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Sacred Sites as a Place of Belonging – a final reflection on ANZAC Day 2024

ANZAC Day, a modern sacred tradition

Hi folks and welcome to my Friday Reflection.

This week my reflection focuses on Sacred Sites being a Place of Belonging.

We have witnessed how ANZAC Day can be treated as a ‘holy day’ for so many people. We have seen how traditions, stories, ceremonies, and sites featured to maintain our connection between our past and present.

Honouring Tradition and Heritage

The treatment of ANZAC Day can help us to appreciate sites and stories that are special for our sense of belonging. ANZAC Day can resonate with ancient human practices of dedicating time collectively at a special place to engage in storytelling, traditions, customs, and ceremonies which strengthen our sense of belonging. These stories and traditions have been forged into Australian identity since the 1930s.

Collectively we engaged in sacred ceremonies at sacred sites, telling sacred stories to maintain our connection and belonging.

Through the repetition of ceremony, we honour the story of place, the ancestors of the story, and those who also carry the memory of the story. The ceremony allows us to retell the significance of the stories and sites and why they must remain part of our collective memory.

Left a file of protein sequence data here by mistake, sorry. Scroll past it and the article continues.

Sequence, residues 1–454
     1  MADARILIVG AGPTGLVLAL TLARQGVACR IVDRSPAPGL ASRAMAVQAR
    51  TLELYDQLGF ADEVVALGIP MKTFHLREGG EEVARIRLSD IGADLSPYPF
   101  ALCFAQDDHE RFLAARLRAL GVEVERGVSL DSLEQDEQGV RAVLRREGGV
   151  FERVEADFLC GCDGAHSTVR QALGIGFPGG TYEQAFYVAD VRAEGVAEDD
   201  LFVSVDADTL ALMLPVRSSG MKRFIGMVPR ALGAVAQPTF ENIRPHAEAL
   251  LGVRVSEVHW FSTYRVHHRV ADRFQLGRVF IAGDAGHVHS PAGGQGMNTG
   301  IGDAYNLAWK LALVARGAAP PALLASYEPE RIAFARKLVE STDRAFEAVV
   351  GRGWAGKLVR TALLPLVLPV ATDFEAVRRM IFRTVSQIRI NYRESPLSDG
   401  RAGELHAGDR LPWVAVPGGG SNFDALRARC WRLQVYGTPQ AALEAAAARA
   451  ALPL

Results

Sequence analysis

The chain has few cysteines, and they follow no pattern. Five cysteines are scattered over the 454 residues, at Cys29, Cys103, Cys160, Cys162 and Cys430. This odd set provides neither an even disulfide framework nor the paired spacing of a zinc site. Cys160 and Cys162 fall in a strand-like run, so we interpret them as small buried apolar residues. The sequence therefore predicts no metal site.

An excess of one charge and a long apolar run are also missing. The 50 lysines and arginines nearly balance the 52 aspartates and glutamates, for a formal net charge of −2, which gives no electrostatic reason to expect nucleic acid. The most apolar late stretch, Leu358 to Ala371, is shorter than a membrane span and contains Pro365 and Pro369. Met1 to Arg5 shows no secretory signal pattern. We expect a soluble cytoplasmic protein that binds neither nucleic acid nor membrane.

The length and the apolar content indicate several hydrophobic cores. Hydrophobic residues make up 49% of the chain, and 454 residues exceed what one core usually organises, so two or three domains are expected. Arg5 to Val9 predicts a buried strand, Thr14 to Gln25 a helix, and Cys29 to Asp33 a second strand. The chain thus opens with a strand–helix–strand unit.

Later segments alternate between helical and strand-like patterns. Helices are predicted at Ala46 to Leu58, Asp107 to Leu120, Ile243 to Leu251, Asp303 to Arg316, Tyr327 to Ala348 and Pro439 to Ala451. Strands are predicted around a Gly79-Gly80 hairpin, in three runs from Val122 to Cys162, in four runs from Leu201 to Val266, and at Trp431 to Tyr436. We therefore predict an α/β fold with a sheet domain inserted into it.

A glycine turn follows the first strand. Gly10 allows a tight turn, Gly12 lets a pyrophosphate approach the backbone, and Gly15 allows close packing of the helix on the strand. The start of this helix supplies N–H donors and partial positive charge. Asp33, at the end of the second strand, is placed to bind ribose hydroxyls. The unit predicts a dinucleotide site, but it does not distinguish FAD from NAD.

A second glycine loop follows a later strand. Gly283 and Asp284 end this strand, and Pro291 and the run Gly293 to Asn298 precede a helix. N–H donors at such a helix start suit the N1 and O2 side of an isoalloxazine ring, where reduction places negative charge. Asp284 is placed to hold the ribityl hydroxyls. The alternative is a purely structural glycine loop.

Embracing Diversity in Belonging

It is through the cycles of repetition of ceremony we also discover our changing perspectives over time. New elements of the story stand out at different times. New connections of application appear and help us to deepen our understanding and belonging over time.

Unfortunately, this week we also witnessed a resistance to acknowledge, recognise, respect, and accept Kati Thanda – Lake Eyre as a sacred site and place of belonging.

I encourage you to become more open to accepting people will go to special places to engage in traditions, tell stories, and conduct ceremonies to strengthen their collective sense of belonging. Some of those stories and traditions have been ours for over one hundred years, and some of those stories are over tens of thousands.

Navigating the Future of Heritage

I encourage you to become more attuned to the changing sense of belonging in our communities. Some of us are becoming more closed to others to strengthen and tighten our belonging. Some of us are more open to crafting liberating collective belonging together.

I encourage you to take some time to reflect on how this week was for you. Was it a strong affirmation of belonging? Did you feel included and connected? Was this week about resistance to dominant expressions of identity? Where did you find your sense of belonging and connection?

We have inherited these stories, traditions, ceremonies and places. We are the ones who will navigate how to maintain our collective memory and sense of belonging into the future.

Be encouraged and encourage others.

Mark Yettica-Pauslon